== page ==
Ethics and Governance

Improve culture using ‘five caps’ thinking

Dec 03, 2019
Boards increasingly need to show how they measure their organisation’s culture, but the key information is likely already available within the business, writes Ros O’Shea.

The South Sea Islanders have a word, “mokita”, which translates as “the truth that everyone knows, but nobody speaks”. Other notable definitions of culture include “a system of beliefs, shared values and behavioural norms”, “the way to do things around here” or even the “mood music” or “resting heart-rate” of an organisation.

Whatever the definition, stakeholders, still shaken by a litany of corporate scandals including endemic ethical failures in financial markets, now recognise that, as Peter Drucker said, culture does indeed eat strategy for breakfast – and arguably for lunch and dinner too. Their demands have led to concerted efforts in recent years to rebuild trust and restore integrity to the heart of the enterprise. Figure 1 highlights some of these welcome developments, which go way beyond extending the rule book or adopting a tick-the-box approach to compliance.


It seems everyone has seemingly landed on the same page, which says: you can have all the rules in the world but there is no substitute for character. Much has been written already about how to cultivate character and foster a values-based culture. Indeed, Chartered Accountants Ireland published my book on the topic, Leading with Integrity, in 2016 and has issued several related guides and research papers since.

As organisations seek to embed cultural change, the question everyone is now grappling with is: how do you measure it? How can those charged with governance determine if the tone from the top is being cascaded through the ‘muddle in the middle’ and reflected via the ‘echo from the bottom’? Is it possible, with any degree of accuracy, to properly calibrate an organisation’s mood music or gauge its steady-state operating rhythm? 

The answer is yes.

My ‘5 Organisational Culture Caps’ (5OCC) approach aims to do just that. Loosely based on Edward de Bono’s ‘Six Thinking Hats’ system (where coloured hats represent different modes of thinking), with 5OCC, each cap is assigned to one of five different stakeholders. By donning each cap in turn and thinking about culture from each of these perspectives, a holistic view is developed of how your espoused values align with how your organisation behaves towards these key constituencies in practice. Four caps are pre-assigned – your customers, staff, shareholders and community all deserve their own headgear. You get to pick who wears the last cap, and your choice is likely to be heavily influenced by the sector in which you operate. For example, financial services firms may well pick the regulator; key vendors may be a valid choice for those downstream in the supply chain; whereas for other organisations, agents or brokers, or other business partners on whom they rely to deliver products or services, may get to wear a cap.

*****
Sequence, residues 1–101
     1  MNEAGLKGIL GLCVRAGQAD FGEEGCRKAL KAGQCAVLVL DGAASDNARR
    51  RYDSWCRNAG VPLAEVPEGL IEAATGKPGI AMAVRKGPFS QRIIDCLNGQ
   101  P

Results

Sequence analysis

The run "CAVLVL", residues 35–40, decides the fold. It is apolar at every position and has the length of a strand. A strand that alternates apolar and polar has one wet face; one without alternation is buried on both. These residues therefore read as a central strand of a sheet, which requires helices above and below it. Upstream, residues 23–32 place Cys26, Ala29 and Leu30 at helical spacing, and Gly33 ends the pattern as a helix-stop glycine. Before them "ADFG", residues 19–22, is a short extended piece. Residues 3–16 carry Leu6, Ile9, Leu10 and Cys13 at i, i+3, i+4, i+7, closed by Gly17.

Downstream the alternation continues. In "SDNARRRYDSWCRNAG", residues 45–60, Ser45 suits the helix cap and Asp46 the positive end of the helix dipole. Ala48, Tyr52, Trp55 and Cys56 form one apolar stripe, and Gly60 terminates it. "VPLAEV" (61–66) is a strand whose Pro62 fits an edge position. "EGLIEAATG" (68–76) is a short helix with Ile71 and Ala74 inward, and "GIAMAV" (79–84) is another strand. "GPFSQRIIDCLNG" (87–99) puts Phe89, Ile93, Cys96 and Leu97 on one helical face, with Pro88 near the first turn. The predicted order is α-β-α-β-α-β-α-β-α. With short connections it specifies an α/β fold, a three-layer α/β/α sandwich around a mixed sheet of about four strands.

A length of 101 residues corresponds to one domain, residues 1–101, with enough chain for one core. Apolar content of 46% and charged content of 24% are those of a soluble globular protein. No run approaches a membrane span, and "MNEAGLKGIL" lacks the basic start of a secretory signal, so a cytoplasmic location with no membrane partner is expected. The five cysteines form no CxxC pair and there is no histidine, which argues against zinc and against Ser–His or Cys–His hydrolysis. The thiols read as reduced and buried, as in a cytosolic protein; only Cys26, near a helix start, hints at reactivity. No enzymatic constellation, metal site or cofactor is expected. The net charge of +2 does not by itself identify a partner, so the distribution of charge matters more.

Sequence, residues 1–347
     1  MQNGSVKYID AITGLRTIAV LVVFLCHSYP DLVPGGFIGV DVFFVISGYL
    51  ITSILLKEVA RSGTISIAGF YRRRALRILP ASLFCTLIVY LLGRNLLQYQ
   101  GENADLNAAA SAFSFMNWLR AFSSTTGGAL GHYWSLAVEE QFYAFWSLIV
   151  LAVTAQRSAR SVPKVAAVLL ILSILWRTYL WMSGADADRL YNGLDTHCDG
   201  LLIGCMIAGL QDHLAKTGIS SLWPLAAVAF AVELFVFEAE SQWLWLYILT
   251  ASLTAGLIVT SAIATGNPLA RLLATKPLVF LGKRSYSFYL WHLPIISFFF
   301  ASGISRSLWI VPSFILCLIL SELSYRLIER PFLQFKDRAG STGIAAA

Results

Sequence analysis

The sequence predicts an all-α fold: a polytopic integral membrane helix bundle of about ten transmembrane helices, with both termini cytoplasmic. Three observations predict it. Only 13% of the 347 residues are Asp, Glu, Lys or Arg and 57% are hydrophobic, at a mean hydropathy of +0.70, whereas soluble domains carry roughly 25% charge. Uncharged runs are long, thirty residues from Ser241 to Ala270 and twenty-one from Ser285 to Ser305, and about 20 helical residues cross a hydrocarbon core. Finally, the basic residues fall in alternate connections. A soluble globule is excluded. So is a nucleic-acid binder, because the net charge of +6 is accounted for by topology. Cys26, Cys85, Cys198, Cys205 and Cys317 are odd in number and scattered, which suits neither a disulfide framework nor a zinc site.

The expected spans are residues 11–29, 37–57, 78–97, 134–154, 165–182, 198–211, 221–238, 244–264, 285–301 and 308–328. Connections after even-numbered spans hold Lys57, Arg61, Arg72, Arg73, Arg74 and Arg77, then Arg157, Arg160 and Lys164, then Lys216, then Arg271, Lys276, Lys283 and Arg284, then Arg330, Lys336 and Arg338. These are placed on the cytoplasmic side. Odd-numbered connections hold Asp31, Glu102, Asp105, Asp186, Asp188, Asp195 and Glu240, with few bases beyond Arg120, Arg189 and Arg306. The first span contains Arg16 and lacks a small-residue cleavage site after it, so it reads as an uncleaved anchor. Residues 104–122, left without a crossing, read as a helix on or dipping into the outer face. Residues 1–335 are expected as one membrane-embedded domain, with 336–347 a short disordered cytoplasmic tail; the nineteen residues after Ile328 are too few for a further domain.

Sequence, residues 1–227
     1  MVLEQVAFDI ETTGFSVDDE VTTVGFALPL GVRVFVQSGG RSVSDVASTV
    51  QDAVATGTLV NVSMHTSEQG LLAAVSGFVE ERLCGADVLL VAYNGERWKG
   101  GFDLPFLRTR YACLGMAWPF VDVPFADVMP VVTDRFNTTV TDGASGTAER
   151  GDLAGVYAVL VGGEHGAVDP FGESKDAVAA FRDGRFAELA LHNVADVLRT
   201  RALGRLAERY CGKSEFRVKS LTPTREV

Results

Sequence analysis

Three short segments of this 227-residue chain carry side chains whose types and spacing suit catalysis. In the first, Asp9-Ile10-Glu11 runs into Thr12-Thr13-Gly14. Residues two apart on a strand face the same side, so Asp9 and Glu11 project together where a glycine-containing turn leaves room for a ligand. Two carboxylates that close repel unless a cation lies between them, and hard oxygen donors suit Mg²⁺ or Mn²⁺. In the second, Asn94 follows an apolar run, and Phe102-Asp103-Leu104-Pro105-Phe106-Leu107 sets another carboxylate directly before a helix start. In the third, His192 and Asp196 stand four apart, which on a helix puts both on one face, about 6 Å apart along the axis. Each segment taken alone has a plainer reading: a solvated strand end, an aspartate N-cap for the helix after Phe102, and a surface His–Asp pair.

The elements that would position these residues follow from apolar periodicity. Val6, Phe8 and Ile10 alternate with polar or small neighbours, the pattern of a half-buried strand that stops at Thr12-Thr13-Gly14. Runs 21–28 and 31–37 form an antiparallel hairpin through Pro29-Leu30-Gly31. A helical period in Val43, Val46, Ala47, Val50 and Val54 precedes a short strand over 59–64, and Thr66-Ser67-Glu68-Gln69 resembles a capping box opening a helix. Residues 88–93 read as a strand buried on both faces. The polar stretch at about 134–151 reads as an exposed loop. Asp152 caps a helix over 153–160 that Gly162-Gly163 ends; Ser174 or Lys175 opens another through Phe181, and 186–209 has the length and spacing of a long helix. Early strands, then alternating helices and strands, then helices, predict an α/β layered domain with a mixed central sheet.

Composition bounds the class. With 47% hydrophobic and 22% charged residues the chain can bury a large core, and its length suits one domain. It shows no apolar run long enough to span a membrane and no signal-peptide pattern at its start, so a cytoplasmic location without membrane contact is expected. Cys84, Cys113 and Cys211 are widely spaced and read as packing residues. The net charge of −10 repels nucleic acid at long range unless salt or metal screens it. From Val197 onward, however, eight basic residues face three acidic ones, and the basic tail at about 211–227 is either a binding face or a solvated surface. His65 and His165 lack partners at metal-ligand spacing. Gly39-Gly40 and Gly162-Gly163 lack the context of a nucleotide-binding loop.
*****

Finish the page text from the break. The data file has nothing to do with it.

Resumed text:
Once you determine the full suite of stakeholders, the next step is to select key metrics that best capture their unique expectations of your organisation’s culture. Let’s don each cap in turn.

The customer

Arguably the single best way to actively test the consistency of stated values with the customer experience to attempt to buy the product or the service. Or you could try to make a complaint and follow what happens. Other key cultural indicators from the customer perspective include:
  • Customer surveys;
  • Net promoter scores;
  • Complaints statistics;
  • Feedback from customer focus groups;
  • Social media and press coverage;
  • Litigation and claims; and
  • Awards and ratings.

The staff

Here, staff is defined in its broadest sense (i.e. from the boardroom to front-line employees). Again, boards should recognise that only so much governing can be done within the confines of the boardroom, and one of the most effective means of assessing the organisation’s tempo and temperament is to get out and about and engage with staff at all levels. Ideally, this should be done in informal ways and settings (such as townhalls or listening lunches, for example) so that site visits don’t become ‘state visits’.